Understanding feelings of sadness and grief caused by the pandemic is an ongoing struggle for many of us. After almost a year of “pandemic life,” everything feels very different than it was in the “before time.”
The Pandemic Journaling Project was founded to capture all of the emotions encompassed in living through the past year. People all around the world can write, record or photograph their accounts of life amid a pandemic. Thousands of entries have already been made, creating a community of unified expression.
“We want to make sure that anyone can make this space theirs and create their own record.”– Sarah Willen, co-founder of The Pandemic Journaling Project
The project isn’t just to help people cope with their feelings amid the pandemic. In the future, the public’s journal entries will be used as first-hand historical accounts of current events. These will be studied as accurate representations of the events of the COVID-19 pandemic, according to the project’s founders.
Listen: Anthropologists Sarah Willen and Kate Mason discuss the importance of preserving our pandemic stories.
Sarah Willen is Associate Professor of Anthropology at the University of Connecticut and co-founder of the Pandemic Journaling Project. She says the project serves to collect experiences and help people understand the world we’re living in right now. “We’re really interested in people… we’re trained as medical anthropologists. As the pandemic was beginning, each of us was thinking about how we could use our training to make sense of what we’re all going through.”
The Pandemic Journaling Project is for everyone to share their stories, and ensure the history books will include all narratives, “We want to make sure that anyone can make this space theirs and create their own record,” she says. On top of collecting historical accounts, Willen says the project is for people to use for their own benefit too. “We want this to help people cope and manage… in whatever way feels right to them,” she says.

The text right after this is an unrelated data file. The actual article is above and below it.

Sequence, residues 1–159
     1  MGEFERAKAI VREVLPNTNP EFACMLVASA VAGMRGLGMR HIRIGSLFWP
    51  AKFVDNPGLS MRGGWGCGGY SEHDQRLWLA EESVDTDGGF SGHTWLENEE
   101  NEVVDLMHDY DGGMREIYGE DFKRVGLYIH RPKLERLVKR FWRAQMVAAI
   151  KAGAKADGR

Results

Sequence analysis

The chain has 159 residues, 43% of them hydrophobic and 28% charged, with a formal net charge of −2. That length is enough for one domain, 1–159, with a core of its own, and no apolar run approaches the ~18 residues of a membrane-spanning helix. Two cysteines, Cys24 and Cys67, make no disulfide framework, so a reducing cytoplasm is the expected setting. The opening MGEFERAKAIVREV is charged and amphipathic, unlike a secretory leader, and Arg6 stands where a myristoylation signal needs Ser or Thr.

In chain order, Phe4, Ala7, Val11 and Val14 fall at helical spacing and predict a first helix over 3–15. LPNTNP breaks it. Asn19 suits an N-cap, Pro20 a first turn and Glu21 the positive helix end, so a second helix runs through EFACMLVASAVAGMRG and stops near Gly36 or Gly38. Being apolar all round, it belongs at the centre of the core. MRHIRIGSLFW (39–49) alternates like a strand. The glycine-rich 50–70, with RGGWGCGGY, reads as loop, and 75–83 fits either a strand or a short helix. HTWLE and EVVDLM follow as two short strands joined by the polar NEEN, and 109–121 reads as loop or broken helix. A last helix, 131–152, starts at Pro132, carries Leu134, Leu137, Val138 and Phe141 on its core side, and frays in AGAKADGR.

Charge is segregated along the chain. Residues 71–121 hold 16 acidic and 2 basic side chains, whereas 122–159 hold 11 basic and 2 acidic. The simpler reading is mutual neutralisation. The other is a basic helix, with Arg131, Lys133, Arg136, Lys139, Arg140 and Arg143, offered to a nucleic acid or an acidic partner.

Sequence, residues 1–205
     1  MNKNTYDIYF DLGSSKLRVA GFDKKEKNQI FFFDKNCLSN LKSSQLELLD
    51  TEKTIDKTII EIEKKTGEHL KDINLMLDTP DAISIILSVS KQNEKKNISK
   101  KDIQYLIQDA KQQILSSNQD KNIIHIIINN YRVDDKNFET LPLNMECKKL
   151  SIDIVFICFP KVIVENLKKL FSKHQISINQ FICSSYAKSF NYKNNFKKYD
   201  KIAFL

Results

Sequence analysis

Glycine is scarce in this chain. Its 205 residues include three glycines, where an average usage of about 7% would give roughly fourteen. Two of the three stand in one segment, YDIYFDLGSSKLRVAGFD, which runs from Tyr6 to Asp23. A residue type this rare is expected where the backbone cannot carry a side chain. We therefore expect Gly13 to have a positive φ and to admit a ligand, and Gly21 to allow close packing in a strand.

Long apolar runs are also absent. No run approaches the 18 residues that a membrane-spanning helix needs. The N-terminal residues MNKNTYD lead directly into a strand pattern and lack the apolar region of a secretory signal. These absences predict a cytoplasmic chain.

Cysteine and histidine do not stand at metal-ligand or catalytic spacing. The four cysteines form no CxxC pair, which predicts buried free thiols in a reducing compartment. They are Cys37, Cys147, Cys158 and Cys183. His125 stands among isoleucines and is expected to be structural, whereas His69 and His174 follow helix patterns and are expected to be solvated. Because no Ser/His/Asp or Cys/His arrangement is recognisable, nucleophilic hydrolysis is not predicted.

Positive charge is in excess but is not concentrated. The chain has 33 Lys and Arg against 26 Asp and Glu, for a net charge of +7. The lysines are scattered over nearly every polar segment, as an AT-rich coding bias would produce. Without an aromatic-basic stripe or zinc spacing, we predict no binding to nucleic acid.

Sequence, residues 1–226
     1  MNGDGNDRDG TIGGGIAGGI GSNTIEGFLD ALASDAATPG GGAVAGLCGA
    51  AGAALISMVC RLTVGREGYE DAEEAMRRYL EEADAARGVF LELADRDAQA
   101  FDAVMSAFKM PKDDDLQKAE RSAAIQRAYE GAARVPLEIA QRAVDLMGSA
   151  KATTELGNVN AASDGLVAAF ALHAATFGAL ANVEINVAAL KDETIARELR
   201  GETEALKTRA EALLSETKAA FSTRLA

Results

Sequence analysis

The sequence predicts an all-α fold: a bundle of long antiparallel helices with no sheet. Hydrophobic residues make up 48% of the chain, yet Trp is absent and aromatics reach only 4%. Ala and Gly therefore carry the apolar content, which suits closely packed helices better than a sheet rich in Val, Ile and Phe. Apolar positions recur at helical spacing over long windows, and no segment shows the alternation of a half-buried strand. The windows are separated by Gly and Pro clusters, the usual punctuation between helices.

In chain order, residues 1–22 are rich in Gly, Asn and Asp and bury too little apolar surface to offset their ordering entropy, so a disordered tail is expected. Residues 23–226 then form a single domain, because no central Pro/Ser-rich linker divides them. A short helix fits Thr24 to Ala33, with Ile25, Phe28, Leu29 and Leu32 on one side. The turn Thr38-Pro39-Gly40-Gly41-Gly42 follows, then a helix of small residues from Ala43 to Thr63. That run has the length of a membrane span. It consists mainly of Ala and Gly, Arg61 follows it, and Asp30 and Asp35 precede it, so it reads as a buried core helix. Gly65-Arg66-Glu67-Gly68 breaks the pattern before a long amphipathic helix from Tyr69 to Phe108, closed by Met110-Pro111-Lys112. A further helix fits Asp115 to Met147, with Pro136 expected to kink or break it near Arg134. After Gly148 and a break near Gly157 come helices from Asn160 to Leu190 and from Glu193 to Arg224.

Kate Mason is Assistant Professor of Anthropology at Brown University and co-founder of the Pandemic Journaling Project. She says there are reoccurring themes in the journal entries, including rage, guilt, anger and gratitude. “(People) are just reflecting on things that they haven’t had time to reflect on before,” she says. Concern for the future is another commonly shared idea. “With everything that’s happened this year many people are feeling afraid about the future and whether anything will ever be normal again,” says Mason.
She adds that the project will continue to collect stories until the pandemic has ended, “Our plan is that for the next 25 years we’ll study the material collected from (The Pandemic Journaling Project) and it will be released as a public historic archive.”
Web story written by Nora Rhein.